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7 August 2023
The insurance market remains in a ‘hard’ phase, during which insurers increase premiums, reduce insurance capacity and offer more restrictive terms and conditions. These conditions are caused by mounting concerns about climate change as evidenced by the rise in volume and severity of extreme weather events and natural disasters, both here and overseas, as well as by unstable global financial conditions.
To better understand what the recent rise in the cost of insurance mean for our clients, we analysed data for the insurance renewals of a large section of our commercial client base. These clients have material damage and business interruption policies and represent a good spread of occupation type and location.
The data illustrates a rising trend in average rate increases broken down by earthquake and perils and non-earthquake perils. (Insurers use a rate to calculate the premium based on the sum insured.)
Commercial portfolio - Average rate increase
|Time period||Non-earthquake perils||Earthquake perils|
|12 months to 31 Dec 2022||4.93%||6.96%|
|1 Jan - 31 March 2023||7.62%||15.0%|
|1 Jan - 31 May 2023||20.66%||13.46%|
The figures show that if a sum insured was unchanged at renewal during 2022, the premium increased by a relatively modest amount. By the end of the first quarter of 2023 (before the financial impacts of the two flooding events were fully understood), rates had risen substantially, particularly for earthquake perils. By the end of May 2023, the rate rises were even more dramatic, predominantly for non-earthquake perils.
When analysing this data for the three main metropolitan areas, the recent rate increase for non-earthquake perils for Auckland and Christchurch averages around 25% as follows.
Rate increase for policies renewing between 1 January 2023 to 31 May 2023
For many clients, these rate increases are compounded by increased sums insured to reflect the impact of strong inflation, which means actual premiums increases may well be higher.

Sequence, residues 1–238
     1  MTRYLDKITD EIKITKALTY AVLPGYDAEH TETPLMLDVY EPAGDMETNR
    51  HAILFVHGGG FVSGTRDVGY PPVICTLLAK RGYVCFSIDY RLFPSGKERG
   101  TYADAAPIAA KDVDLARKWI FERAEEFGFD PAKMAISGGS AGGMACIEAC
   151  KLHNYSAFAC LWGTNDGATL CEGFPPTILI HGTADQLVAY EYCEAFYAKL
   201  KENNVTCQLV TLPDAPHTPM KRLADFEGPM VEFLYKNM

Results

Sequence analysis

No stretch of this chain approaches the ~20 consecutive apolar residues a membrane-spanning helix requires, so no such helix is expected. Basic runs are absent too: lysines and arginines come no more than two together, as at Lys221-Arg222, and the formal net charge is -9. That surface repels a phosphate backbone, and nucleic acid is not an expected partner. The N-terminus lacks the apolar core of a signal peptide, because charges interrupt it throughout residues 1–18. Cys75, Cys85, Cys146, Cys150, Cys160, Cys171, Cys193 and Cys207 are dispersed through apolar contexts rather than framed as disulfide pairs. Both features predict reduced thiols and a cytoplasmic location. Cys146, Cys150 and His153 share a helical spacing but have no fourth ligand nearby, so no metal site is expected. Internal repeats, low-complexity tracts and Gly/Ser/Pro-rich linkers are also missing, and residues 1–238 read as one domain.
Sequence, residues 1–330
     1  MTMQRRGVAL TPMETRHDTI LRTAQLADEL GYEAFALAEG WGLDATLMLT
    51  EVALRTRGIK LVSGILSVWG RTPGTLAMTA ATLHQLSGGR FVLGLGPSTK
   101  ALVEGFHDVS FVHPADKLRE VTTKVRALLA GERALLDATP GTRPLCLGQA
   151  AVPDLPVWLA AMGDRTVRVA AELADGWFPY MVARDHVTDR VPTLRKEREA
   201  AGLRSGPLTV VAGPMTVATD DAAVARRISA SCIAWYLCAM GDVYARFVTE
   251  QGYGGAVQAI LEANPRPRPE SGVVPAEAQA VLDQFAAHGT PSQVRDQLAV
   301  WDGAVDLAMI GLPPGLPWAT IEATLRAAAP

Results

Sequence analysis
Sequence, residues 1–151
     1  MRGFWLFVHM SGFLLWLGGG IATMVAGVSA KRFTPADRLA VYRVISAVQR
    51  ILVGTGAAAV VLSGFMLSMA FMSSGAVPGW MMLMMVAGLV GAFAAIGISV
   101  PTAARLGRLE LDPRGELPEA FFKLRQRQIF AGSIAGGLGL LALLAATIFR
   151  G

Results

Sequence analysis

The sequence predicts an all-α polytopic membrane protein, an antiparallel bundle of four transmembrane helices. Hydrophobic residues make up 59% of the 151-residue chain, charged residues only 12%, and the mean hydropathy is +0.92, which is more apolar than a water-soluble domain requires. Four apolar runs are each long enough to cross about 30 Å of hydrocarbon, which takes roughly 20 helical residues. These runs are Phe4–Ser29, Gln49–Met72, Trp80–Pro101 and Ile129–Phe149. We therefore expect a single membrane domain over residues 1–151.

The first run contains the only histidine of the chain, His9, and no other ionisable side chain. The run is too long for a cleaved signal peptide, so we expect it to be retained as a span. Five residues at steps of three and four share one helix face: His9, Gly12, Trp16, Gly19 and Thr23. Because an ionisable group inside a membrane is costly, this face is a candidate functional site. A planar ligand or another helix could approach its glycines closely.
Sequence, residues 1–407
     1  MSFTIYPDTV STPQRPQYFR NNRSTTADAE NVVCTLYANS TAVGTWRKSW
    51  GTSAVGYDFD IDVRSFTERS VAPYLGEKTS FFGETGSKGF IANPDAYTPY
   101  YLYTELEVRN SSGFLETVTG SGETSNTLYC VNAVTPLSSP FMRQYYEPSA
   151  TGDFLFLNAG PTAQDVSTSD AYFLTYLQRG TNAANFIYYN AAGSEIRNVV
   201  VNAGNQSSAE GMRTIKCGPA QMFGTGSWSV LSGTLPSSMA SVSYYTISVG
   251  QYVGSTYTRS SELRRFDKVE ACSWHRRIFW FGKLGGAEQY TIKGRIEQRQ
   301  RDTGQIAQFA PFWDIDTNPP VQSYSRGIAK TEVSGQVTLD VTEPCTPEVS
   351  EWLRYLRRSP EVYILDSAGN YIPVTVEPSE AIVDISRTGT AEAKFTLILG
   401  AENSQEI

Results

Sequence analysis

It is not only past events that are driving rate increases; the growing risks of climate change, with a forecasted rise in the number of extreme weather events, are also troubling insurers.
In a recent interview, Swiss Re’s lead underwriter for Australia and New Zealand, David Sinai, commented, “More frequent and larger claims will require higher insurance premiums to service those claims. Insurers need to stay ahead of loss trends to ensure the premiums collected are adequate to cover their obligations to policy holders and protects their shareholders’ interests.
“The 2023 events not only remind us of the large-loss potential of weather-related events – $4 billion in claims and counting – but should also reframe our perspective of overall risk drivers in New Zealand. The increase in frequency and severity of weather claims would suggest that weather losses are closing the gap to earthquake risk.”
Hard market conditions and rising reinsurance costs continue to push up insurance rates on material damage and business interruption policies. We expect that this trend will persist through the next annual renewal cycle at the very least, as individual policies are reviewed and renewed.
We continue to advise our clients that the most effective way to navigate the hard market conditions is to engage early with your broker and prepare a detailed submission for insurers. This will provide your broker with the maximum amount of time available in which to negotiate terms.
If you have any questions or want to understand the impact of these changes on your specific situation, please contact your Crombie Lockwood broker.
For more information on issues impacting the insurance market read our August 2023 Insurance Market Update.